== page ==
I tried using silk thread when I could match them to the fabrics. I had heard that silk threads make for more invisible applique, but when I had to match other fabric, I found that a quality all purpose thread worked just as well. The looser weave of the Onasburg fabric wasn't the easiest to applique other fabrics to, but its appearance was a perfect compliment with these other woven fabrics.

After appliqueing all the pieces, and before quilting it, I carefully hand-washed it, using Woolite to remove the glue.  I added color absorbing sheets just in case one of my fabrics ran, though all had been pre-washed so as to shrink and test fabrics for colorfastness.
After appliqueing and before quilting, I hand-washed piece to remove glue.

I learned much in doing this piece. I learned that some of more textured Daiwabo fabrics have a rayon nub woven into them and would melt with a warm iron, and so I could not iron on my freezer paper pattern to those pieces and had to pin them instead.  I also learned that I had to be careful to be sure to turn under a sufficient seam allowance as some of the Daiwabo weaves can unravel more easily than other cotton fabrics.  I also had to repair some of the pre-embroided fabrics, if any threads were accidentally pulled. Much like a snag in a sweater, I took a very tiny embroidery hook to pull the threads to the underside. I resolved that I would never use such embroidered fabric again, but at the quilt show I found myself selecting similar fabrics to bring home as their textures are just too beautiful to pass up!  I will choose to use them in pieces that won't get heavy wear, however.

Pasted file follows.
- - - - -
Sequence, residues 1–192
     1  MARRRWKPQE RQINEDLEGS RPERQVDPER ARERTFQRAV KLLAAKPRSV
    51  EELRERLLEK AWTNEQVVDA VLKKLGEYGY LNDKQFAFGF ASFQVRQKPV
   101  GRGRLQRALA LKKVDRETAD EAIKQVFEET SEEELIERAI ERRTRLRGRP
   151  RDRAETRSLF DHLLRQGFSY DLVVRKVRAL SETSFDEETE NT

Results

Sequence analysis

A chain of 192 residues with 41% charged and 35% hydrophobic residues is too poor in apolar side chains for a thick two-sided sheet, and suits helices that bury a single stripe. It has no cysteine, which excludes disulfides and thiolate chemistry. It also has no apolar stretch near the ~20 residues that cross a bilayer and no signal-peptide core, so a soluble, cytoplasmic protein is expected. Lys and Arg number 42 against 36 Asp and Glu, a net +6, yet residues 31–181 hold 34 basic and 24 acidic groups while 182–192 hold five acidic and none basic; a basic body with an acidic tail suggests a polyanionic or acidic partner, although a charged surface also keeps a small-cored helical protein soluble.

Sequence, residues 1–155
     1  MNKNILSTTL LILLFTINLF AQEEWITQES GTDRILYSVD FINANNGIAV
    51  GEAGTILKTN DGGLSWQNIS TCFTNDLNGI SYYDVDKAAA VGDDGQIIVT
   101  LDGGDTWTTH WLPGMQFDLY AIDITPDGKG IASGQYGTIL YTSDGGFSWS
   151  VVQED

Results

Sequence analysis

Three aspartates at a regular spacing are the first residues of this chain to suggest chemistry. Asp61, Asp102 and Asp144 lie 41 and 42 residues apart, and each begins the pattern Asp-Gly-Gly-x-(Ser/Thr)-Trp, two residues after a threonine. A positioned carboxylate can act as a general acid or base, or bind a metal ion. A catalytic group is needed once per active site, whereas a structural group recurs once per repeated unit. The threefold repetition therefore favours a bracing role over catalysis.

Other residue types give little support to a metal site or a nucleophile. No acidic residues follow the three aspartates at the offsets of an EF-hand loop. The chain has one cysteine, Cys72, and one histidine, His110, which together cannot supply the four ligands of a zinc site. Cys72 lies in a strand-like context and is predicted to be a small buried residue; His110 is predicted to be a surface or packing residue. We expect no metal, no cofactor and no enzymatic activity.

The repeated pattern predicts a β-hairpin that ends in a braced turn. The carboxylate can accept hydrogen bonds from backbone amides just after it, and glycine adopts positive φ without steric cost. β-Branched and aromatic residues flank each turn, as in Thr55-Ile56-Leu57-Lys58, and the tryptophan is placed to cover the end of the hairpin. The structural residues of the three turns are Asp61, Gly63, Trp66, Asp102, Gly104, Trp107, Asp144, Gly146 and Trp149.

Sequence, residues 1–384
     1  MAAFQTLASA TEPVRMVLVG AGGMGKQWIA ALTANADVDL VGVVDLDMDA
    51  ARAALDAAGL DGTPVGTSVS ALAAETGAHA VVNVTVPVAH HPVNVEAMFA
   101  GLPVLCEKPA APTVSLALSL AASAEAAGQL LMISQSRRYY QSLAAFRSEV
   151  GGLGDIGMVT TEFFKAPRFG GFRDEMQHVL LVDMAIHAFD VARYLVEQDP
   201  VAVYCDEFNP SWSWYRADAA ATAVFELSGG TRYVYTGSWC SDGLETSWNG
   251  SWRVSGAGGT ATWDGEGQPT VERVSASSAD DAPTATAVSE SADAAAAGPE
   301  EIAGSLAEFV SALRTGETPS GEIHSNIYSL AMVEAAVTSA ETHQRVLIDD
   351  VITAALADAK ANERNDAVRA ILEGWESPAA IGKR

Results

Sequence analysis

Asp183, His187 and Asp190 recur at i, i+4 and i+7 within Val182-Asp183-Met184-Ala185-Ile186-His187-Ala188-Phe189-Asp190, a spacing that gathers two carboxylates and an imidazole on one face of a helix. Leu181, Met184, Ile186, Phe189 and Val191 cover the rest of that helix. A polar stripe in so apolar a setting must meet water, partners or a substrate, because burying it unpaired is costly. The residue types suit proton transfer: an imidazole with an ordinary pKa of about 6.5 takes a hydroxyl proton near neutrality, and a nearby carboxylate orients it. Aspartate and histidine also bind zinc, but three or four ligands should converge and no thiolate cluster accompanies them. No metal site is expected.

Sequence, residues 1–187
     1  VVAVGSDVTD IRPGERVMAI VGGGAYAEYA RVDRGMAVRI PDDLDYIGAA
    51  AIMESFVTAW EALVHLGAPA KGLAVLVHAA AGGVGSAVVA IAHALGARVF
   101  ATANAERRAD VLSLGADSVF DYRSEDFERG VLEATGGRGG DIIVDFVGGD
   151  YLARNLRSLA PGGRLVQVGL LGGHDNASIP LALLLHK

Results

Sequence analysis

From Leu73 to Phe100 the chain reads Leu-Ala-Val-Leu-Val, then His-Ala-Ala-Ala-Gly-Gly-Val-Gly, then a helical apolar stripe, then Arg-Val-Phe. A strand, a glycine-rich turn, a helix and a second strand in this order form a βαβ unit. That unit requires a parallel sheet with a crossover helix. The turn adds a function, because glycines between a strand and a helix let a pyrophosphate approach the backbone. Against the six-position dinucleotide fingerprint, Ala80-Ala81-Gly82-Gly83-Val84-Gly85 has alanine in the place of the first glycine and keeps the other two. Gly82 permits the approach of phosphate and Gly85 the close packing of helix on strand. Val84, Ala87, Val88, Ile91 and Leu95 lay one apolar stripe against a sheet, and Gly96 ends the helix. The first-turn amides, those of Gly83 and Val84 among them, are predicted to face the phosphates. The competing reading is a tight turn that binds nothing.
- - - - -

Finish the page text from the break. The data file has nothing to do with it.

Pre-embroidered fabric beautiful but challenging!

I wrote to my friend that when I make a special-order piece, I continually think of the person I am making it for, and often pray as I work. Like the late Bob Ross, the well-known oil-painting instructor on TV, I am the creator of the quilted piece that I am making and so I work to convert my prayers into my fabric design. My friend had lost his wife of thirty-five years. The non-traditional pattern he selected, was transformed into a visual wish for my friend, a mountain with the sun rays warming and brightening it. I do hope he likes it as much as I enjoyed creating it for him.
"Pause" from hand-quilting.  Are these fabrics beautiful?!!

I laughed as I packaged it for shipping using lots of paper so as to avoid having crease folds and then inserted it into a plastic bag just in case it should hit a rain storm on the way, and then used plenty of extra tape to secure the box. My chuckle came from the memory of a group therapy session we held on the psychiatric ward at Denver General Hospital many years ago. Each patient was to bring something of value to share with the group and "dear Eddie" brought a pair of his favorite "lady's skimmers".  He had a shoe fetish and his shoe box containing his prized shoes was covered with rubber bands to more than secure it...My package was equally coated with packing tape marking its high value to me! I had grown to love this piece. Though it is only bits of fabric and stitches, it is sewn with much love for my dear friend! I hope that he will enjoy it as much as I enjoyed creating it for him.